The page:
Mulled Wine

Laced with pink pepper and fennel seeds, this sweet and fruity mulled wine offers a change of pace from the heavily spiced versions many of us are familiar with. For me, mulled wine is a potable celebration of my local flora, featuring clementines from my CSA box; fennel seeds and bay leaves I gathered on a coastal hike; and pink peppercorns from the tree next door. Depending on where you live, you might want to invent your own unique version of mulled wine, using ingredients like juniper berries, sage leaves, elderberries, maple syrup, local honey, or a splash of homemade liqueur. Feel free to use whatever looks good to you. (Note: Avoid pink peppercorns if you are allergic to cashews or tree nuts.)
By | December 29, 2015


6 mandarin oranges
2 dried California bay leaves or 4 dried Turkish bay leaves, folded in half down the center vein
2 (3-inch, or 7.5 cm) cinnamon sticks
2 teaspoons fennel seeds
2 teaspoons pink peppercorns, lightly crushed
2⁄3 cup brown sugar (150 g) or honey (224 g), or to taste
2 bottles (750 ml, or 31⁄4 cups each) fruity red wine, divided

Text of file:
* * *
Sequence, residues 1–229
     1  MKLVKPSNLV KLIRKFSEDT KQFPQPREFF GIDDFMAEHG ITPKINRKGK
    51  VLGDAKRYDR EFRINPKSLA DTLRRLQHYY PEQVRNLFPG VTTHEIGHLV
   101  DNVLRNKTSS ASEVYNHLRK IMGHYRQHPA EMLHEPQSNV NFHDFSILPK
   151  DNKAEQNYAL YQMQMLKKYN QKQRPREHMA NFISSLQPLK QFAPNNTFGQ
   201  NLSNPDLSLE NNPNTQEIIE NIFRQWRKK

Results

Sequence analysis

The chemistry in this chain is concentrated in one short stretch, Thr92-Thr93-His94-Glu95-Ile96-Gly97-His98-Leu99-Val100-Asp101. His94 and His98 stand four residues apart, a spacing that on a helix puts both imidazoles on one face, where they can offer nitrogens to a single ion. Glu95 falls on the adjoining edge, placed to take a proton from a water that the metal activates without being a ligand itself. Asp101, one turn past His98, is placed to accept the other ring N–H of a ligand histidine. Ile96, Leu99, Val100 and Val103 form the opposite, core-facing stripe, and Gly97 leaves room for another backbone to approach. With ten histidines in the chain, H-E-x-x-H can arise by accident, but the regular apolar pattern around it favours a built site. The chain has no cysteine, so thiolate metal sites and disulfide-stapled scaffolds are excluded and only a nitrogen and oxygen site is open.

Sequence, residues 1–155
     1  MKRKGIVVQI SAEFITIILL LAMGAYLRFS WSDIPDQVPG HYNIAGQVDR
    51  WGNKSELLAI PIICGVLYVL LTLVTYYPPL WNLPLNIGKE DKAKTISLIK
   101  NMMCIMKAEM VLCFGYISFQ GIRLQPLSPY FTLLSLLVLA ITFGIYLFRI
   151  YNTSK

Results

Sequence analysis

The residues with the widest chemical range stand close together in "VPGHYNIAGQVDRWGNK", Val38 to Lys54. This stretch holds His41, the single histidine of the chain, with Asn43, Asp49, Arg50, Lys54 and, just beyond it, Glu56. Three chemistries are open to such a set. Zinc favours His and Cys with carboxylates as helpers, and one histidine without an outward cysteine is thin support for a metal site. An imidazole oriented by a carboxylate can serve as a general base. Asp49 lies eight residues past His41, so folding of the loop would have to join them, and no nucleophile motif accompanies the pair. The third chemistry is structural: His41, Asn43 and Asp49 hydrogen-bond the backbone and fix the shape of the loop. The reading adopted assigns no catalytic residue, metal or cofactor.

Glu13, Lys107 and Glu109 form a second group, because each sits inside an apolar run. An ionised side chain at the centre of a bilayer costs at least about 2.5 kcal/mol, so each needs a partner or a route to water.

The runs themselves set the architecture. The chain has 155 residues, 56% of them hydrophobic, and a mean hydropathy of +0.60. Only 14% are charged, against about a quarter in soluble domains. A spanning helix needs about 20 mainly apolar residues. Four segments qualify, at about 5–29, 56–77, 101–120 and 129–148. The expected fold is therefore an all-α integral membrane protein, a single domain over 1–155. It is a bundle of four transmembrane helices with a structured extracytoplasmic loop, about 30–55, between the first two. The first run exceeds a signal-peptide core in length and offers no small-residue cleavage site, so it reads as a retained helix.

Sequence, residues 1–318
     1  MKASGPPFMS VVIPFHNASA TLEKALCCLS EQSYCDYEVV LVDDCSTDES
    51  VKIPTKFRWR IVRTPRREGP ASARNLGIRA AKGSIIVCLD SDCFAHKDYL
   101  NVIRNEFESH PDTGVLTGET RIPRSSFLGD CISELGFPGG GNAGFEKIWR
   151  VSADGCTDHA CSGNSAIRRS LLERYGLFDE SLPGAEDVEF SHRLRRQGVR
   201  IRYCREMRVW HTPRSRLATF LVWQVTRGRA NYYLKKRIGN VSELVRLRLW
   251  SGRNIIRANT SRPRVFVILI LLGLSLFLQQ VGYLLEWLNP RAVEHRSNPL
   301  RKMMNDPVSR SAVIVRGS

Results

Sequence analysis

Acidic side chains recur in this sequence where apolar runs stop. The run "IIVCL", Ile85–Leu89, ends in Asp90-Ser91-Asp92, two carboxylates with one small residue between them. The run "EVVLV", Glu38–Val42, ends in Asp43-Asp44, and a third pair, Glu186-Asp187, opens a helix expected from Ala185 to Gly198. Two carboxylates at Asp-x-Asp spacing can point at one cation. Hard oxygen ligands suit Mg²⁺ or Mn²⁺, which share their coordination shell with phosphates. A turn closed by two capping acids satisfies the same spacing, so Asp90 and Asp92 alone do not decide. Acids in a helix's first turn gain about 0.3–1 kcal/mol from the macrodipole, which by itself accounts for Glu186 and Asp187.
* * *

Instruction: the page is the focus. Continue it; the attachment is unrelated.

Using a vegetable peeler, peel the oranges in wide strips. Squeeze the juice from the oranges. Combine the orange peels and juice, bay leaves, cinnamon sticks, fennel seeds, pink peppercorns, brown sugar, and 1 cup (235 ml) of the red wine in a large pot. Simmer over medium heat, stirring to dissolve the sugar. Continue to simmer, stirring occasionally, for 5 minutes.

Stir in the remaining 51/2 cups (1265 ml) red wine. Gently simmer (but do not boil) until the mixture is warmed through. Strain through a fine-mesh strainer. Discard the solids. Serve warm.

Yield: About 6 1/2 cups (1500 ML)

Excerpted from Wild Drinks & Cocktails Handcrafted Squashes, Shrubs, Switchels, Tonics, and Infusions to Mix at Home by Emily Han (Fair Winds Press, 2015)


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